Recent data indicates that the latest wave of COVID-19 driven by the Omicron variant has passed its peak in Canada. As provinces and territories adjust their public health measures, and as we transition away from the crisis phase, it is now time to move towards a more sustainable approach to long-term management of COVID-19.
This transition is possible because of a number of factors, including Canada’s high vaccination rates, the increasing availability and use of rapid tests to detect infection, decreasing hospitalization rates and growing domestic availability of therapeutics and treatments.
Today, the Government of Canada announced a series of adjustments to the current border measures, representing the beginning of a phased easing of travel restrictions. The ability of the country to transition to a new phase at the border is a result of the actions of tens of millions of Canadians across the country who followed public health measures, including getting themselves and their families vaccinated.
As of February 28, 2022 at 12:01 a.m. EST:
We will be easing the on-arrival testing for fully-vaccinated travellers. This means that travellers arriving to Canada from any country, who qualify as fully vaccinated, will be randomly selected for arrival testing. Travellers selected will also no longer be required to quarantine while awaiting their test result.
Children under 12 years old, travelling with fully vaccinated adults, will continue to be exempt from quarantine, without any prescribed conditions limiting their activities. This means, for example, they no longer need to wait 14 days before attending school, camp or daycare.
Unvaccinated travellers will continue to be required to test on arrival, on Day 8 and quarantine for 14 days. Unvaccinated foreign nationals will not be permitted to enter Canada unless they meet one of the few exemptions.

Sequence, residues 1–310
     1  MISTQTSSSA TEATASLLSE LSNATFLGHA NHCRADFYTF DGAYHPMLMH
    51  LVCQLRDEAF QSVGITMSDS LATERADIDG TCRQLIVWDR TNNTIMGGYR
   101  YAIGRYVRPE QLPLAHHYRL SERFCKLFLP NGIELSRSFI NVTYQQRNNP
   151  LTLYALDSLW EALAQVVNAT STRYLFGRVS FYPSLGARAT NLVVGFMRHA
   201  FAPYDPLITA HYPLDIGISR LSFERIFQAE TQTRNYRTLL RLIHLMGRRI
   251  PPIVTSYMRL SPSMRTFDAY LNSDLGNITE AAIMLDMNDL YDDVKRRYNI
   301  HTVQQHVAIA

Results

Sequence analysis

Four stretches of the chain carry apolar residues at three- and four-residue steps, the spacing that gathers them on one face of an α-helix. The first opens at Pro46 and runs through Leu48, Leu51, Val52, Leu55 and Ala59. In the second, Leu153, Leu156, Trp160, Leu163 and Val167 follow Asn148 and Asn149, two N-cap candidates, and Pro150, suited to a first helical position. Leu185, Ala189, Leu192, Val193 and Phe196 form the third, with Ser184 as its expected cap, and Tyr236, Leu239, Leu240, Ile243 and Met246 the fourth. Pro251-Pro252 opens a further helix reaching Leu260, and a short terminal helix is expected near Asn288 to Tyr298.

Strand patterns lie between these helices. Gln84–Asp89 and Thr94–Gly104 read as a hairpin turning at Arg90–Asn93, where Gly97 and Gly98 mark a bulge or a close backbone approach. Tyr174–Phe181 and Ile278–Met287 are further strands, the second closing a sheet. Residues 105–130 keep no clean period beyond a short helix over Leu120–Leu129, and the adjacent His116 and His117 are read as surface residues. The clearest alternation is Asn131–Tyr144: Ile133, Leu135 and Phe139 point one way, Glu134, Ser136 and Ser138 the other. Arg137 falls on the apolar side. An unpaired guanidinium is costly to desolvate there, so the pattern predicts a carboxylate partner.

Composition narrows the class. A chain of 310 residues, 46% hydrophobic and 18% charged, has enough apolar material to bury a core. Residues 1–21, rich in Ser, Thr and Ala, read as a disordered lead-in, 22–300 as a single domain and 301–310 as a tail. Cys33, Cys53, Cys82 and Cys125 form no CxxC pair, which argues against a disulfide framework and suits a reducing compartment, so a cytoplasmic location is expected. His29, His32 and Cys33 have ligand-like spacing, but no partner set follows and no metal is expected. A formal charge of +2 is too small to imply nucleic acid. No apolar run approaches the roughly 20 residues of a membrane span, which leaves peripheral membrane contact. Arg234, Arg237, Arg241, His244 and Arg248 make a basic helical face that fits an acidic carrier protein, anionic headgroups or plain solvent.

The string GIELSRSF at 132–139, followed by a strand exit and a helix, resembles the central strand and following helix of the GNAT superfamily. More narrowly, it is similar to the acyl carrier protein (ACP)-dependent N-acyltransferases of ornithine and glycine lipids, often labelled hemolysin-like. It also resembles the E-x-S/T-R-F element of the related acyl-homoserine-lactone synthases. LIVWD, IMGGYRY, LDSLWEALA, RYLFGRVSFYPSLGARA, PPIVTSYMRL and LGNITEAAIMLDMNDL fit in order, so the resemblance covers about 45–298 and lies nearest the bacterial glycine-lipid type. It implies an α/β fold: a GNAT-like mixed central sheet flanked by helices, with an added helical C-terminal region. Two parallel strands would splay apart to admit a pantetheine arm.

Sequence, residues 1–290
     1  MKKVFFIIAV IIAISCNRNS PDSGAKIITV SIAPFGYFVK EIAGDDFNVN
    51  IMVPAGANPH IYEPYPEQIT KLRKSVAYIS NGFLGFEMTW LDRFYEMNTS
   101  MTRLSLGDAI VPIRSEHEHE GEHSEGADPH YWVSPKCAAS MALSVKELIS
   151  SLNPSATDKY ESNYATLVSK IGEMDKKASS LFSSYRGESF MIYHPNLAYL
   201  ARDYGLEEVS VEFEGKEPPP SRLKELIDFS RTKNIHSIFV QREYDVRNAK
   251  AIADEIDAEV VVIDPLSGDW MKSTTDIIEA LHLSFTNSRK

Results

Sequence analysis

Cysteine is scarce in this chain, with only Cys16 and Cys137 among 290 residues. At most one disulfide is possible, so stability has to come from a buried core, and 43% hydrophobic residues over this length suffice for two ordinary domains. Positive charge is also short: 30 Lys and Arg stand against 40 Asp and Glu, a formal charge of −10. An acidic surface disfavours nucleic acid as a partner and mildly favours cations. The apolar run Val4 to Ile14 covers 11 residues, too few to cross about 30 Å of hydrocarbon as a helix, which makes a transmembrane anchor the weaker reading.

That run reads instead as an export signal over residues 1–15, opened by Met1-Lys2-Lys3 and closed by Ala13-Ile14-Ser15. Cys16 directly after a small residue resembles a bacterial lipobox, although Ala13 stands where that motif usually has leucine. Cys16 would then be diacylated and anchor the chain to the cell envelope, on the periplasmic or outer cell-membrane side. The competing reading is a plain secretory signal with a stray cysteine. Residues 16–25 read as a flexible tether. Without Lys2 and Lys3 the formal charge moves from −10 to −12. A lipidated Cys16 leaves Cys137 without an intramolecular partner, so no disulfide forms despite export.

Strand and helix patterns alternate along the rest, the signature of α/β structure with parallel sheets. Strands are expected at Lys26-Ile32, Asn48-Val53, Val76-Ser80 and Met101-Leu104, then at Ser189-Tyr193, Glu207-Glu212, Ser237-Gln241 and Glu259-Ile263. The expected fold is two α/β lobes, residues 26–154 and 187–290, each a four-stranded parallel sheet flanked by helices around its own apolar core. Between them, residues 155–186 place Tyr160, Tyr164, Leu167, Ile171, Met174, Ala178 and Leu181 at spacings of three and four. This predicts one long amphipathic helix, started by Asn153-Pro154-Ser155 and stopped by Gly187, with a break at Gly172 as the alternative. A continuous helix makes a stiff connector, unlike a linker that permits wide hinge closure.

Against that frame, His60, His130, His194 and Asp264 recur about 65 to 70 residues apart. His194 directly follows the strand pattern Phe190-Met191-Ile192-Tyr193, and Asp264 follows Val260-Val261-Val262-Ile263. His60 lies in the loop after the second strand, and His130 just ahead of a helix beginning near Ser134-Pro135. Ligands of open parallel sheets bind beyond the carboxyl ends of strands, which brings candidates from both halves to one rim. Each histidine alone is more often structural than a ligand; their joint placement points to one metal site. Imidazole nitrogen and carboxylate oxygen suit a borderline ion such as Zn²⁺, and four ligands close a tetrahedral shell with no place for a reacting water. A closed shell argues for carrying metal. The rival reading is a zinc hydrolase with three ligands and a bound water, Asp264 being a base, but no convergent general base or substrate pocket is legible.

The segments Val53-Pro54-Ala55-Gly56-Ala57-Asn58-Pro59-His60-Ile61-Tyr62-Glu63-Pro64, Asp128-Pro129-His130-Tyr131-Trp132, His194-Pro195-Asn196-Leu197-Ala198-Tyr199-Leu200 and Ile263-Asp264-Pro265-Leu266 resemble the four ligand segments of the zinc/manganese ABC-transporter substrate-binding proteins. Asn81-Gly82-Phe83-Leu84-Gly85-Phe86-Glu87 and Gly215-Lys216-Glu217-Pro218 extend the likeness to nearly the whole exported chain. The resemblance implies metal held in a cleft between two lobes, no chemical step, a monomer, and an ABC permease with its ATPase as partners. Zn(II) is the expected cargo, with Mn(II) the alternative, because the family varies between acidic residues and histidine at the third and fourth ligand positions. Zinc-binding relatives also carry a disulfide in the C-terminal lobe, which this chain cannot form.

Travellers will now have the option of using a COVID-19 rapid antigen test result (taken the day prior to their scheduled flight or arrival at the land border or marine port of entry) or a molecular test result (taken no more than 72 hours before their scheduled flight or arrival at the land border or marine port of entry) to meet pre-entry requirements. Taking a rapid antigen test at home is not sufficient to meet the pre-entry requirement – it must be authorized by the country in which it was purchased and must be administered by a laboratory, healthcare entity or telehealth service.
The Government of Canada will adjust its Travel Health Notice from a Level 3 to a Level 2. This means that the Government will no longer recommend that Canadians avoid travel for non-essential purposes.
Travellers should understand the risks that are still associated with international travel given the high incidence of Omicron, and take necessary precautions.
On February 28, 2022 at 16:00 EST, Transport Canada’s Notice to Airmen (NOTAM) that restricts where international passenger flights can arrive in Canada will expire. This means that international flights carrying passengers will be permitted to land at all remaining Canadian airports that are designated by the Canada Border Services Agency to receive international passenger flights.
Travellers should check if they are eligible to enter Canada and meet all entry requirements before heading to the border. In addition, some provinces and territories may have their own entry restrictions in place. Check and follow both the federal and any provincial or territorial restrictions and requirements before travelling to Canada.
All travellers, regardless of how long they were away from Canada, continue to be required to submit their mandatory information via ArriveCAN (free mobile app or website), including proof of vaccination in English or French and a quarantine plan prior to arriving in Canada.
To prove a previous COVID-19 infection, the Government of Canada will continue to only accept molecular test results, taken at least 10 calendar days and no more than 180 calendar days before entering Canada.
In considering whether to travel, travellers should consider the availability of medical services in a foreign country, and plan for the potential high costs associated with medical treatment and extending their trip, should they test positive for COVID-19 while abroad. Travellers should also understand that there is a continued risk that border and travel measures in other countries, as well as in Canada, may change while they are abroad and should regularly review the entry requirements and exemptions for their travel situation.
Canadians can continue do their part to reduce the spread of COVID-19 by getting vaccinated and boosted, using masks where appropriate, self-isolating if they have symptoms and self-testing if they can.